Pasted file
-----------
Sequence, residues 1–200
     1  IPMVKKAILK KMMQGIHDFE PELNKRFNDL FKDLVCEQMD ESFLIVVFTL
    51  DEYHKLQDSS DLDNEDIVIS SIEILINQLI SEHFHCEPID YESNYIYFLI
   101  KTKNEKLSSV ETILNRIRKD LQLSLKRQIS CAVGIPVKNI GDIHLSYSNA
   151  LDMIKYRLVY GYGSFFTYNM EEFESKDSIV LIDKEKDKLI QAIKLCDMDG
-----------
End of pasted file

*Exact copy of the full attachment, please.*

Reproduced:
Sequence, residues 1–200
     1  IPMVKKAILK KMMQGIHDFE PELNKRFNDL FKDLVCEQMD ESFLIVVFTL
    51  DEYHKLQDSS DLDNEDIVIS SIEILINQLI SEHFHCEPID YESNYIYFLI
   101  KTKNEKLSSV ETILNRIRKD LQLSLKRQIS CAVGIPVKNI GDIHLSYSNA
   151  LDMIKYRLVY GYGSFFTYNM EEFESKDSIV LIDKEKDKLI QAIKLCDMDG